Sivut kuvina

only preparations for the Ambassador. Surely the greatness of these preparations, and the length of time which they occupied, prove how great He was, how important His work, and what an high estimate God set upon it. We should consider what He came to be; to say; and to do. He came to be God's representative, to exhibit His character, to show His mercy, pity, and tenderness in every act and deed; to prove that "God is love," that he is "good, and ready to forgive." Jesus could, and did say, "He that hath seen me hath seen the Father;" "I and the Father are one;" "He that sent me is with me;" The Father is in me, and I in Him." An earthly ambassador is the representative of his sovereign, and for the time wields his authority; but still he is different from him, and not one with him. But the man Christ Jesus is also "the Son of the Blessed," equal with the Father; one with the Father as regards divine nature, yet by office the Father's servant (Isa. xlii. 1), "dealing very prudently," (Isa. lii. 12). How suited is He as "the only begotten Son" (Ps. ii. 7), as "the righteous Servant," to be the ambassador! "He spake as never man spake." He spake of pardon, of blessing, of peace, of life, and glory. The Word that God sent unto the children of Israel, preaching peace by Jesus Christ." He had rest for the burdened; comfort for the mourners; health for the sick; and happiness for the broken-hearted. Grace was poured into His lips, and gracious words ever flowed from them. His one great aim and object, the great thing for which He lived and laboured, was to bring men to God. He saw and felt how fearful their condition was; how guilty, how inexcusable they were; what terrible danger they were in; and He came "to scek and to save them that were lost." Unlike ambassadors generally, He did not only address the government and heads of the nation, but He had to do with individuals, with any single man or woman with whom He met. He showed that man was personally a sinner, and that he must be dealt with as an individual, personally pardoned and sanctified. Therefore He said "If any man thirst, let him come unto me and drink;" "Him that cometh unto me, I will in no wise cast out;" and many like words. And this is still the Gospel method. It is to be preached to every creature. Its language is, "Repent, every one of you." "Believe in the Lord Jesus, and thou shalt be saved."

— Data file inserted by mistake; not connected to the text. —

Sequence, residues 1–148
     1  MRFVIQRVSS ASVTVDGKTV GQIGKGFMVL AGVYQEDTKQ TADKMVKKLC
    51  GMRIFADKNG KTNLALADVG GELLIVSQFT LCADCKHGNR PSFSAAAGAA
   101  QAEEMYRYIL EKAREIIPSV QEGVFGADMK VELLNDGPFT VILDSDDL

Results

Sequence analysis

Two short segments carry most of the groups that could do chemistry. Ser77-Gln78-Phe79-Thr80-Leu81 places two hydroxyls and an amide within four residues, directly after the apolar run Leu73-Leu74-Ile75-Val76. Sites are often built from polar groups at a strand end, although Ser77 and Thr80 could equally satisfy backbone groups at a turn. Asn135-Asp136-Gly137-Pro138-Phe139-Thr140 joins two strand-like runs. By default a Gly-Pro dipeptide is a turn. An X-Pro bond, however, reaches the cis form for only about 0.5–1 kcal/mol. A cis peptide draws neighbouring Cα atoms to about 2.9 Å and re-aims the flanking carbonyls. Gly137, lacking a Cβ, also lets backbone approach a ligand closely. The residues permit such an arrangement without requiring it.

But still, as God's ambassador, He had to do with the nation as such, through their leading men. The last time He came to Jerusalem, the heads of the nation, priests, scribes, lawgivers, Herodians, pharisees, came to Him with tempting words and puzzling questions, instead of listening reverently to His words as God's ambassador. The result was, they were all answered and confounded; convicted of ignorance, pride, and prejudice, yet still unchanged. Their hearts raged against God's Sent One-they insulted Him to His face, and as God's ambassador He withdrew from their With streaming eyes, and in the tenderest tones, He said, "How oft would I have gathered thee, but ye would not"-" behold, your house is left unto you desolate." They followed Him, saying, "This is the heir; come, let us kill him." The people agreed to the proposal, and Heaven's great Ambassador, the Prophet of whom Moses spake, the Theme of all the prophets, was hanged on a tree, and then cast into a sepulchre. But God raised Him from the dead, and then raised His faithful ambassador to His throne in heaven.


But what shall be done to the nation which thus insulted God in the person of His representative? Nay, what has been done to them. Their

own prayer, "His blood be on us and on our children," has been fulfilled; and the scattered, afflicted, down-trodden people, have still to bear the consequences of this their fearful crime. It shall not be always so. They (even the men of Judah and the inhabitants of Jerusalem) shall look on Him whom they have pierced, and mourn." Then shall they be washed in "the fountain opened." "A nation shall be born in a day," and the new-born nation shall sing, "Blessed be He that cometh in the name of the Lord." Then, when He becomes an ambassador to them, He will be a Saviour for them.